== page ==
Medical experts on Monday congratulated Nippon Professional Baseball for a successful start to its season late last week after a three-month delay, but also asked NPB and the J. League to remain vigilant against the spread of COVID-19 and continue to operate with the utmost caution as both leagues move toward allowing fans into games next month.
The two pro circuits held the 10th meeting of their joint task force on Monday, during which they were briefed by the medical experts.
“As a fan, I’m happy that pro baseball has started,” Mitsuo Kaku, who heads the medical panel, said during an online news conference following the task force meeting. “I don’t think the fans have ever anticipated the opening of a season as much as they have this year.”
The J. League will resume its 2020 campaign on Saturday, when the second division returns to the pitch and the third division opens its season. The top flight is scheduled to resume on July 4, having played just one round before the league suspended all competitions in late February.
While NPB opened its season behind closed doors, commissioner Atsushi Saito and J. League Chairman Mitsuru Murai said both leagues would begin allowing a certain number of fans to attend games beginning July 10.
According to government guidelines, pro sports teams will be able to allow as many as 5,000 fans into stadiums and arenas on that date. That restriction is scheduled to be relaxed in August to half of a venue’s capacity.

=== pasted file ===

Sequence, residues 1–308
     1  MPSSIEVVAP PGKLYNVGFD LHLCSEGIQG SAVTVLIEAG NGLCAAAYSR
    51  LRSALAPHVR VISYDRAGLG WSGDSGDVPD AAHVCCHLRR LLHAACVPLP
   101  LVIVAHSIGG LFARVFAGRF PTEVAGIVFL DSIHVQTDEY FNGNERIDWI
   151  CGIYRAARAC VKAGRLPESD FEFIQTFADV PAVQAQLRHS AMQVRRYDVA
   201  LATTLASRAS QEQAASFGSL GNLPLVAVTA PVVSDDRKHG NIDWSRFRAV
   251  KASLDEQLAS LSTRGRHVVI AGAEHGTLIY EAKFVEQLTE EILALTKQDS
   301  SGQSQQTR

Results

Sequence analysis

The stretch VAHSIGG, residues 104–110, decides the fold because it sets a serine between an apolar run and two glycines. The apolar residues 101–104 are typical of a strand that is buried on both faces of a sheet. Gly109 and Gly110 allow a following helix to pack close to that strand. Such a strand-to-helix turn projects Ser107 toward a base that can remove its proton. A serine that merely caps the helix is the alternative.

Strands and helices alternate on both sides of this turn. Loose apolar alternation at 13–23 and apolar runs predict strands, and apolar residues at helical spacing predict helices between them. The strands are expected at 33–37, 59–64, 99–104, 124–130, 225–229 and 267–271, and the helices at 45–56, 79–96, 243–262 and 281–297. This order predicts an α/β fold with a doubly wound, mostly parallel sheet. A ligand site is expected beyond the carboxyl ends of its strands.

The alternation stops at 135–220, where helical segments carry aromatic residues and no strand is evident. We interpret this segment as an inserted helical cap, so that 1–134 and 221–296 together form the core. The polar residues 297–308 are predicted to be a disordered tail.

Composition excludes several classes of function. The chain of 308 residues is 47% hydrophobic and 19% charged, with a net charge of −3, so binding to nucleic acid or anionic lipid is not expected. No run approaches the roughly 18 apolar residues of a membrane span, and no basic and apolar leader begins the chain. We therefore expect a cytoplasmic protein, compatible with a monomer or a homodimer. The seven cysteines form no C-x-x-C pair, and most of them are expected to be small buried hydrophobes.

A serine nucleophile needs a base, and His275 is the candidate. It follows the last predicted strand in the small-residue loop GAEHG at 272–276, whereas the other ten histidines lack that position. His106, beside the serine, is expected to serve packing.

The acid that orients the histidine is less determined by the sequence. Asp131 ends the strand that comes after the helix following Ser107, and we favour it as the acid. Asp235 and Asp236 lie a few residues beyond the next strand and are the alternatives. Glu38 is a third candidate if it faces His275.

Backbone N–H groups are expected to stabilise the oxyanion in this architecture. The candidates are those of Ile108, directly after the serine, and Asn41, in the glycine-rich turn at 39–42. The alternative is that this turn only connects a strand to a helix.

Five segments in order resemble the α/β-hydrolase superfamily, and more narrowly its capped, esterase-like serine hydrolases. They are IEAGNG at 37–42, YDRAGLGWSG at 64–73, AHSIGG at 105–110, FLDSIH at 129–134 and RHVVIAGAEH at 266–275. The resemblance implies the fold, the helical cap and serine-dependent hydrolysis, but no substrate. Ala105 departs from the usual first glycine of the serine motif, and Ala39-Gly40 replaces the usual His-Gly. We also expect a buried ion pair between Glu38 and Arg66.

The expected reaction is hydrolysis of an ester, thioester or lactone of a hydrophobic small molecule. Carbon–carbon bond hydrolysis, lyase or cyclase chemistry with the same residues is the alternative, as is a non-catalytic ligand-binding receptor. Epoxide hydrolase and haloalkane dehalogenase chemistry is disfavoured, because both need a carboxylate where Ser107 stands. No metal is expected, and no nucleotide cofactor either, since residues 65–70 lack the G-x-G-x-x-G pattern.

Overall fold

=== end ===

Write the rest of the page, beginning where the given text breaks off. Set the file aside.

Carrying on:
Saito, speaking after a meeting of NPB representatives, was uncertain if 5,000 fans would be allowed into stadiums, adding the number would depend on the team and the local government.
Both leagues remain concerned about the possibility of players and team staff becoming infected with the coronavirus while being asymptomatic. Saito said NPB would remain in contact with the Japanese government about the matter.
The medical panel stressed that returning to play was just the beginning and both leagues would have to keep their guard up to prevent further infections.
“We’ve just taken off,” said Kazuhiro Tateda, an infectious disease expert and Toho University professor. “We are going to have to keep our eyes on how safely the leagues will be able to conduct their seasons this year. We’d be happy to support them as much as possible over the course of the process.
Tateda added there is a high probability of infections being found via NPB and the J. League’s mandatory PCR testing and said how the leagues deal with such cases will be important.
“Both NPB and the J. Leagues are two sports that represent Japan,” said Tateda. “So they have to get off to a good start in order to become role models for other sports.”
Kaku stressed that even after fans return to venues in July, they can’t expect to cheer in the ways they’re used to, such as by singing and cheering. He’s asked them to establish a new style of cheering.
“That (making adjustments to lower the risk of infection) will mean they support NPB and the J. League,” Kaku said.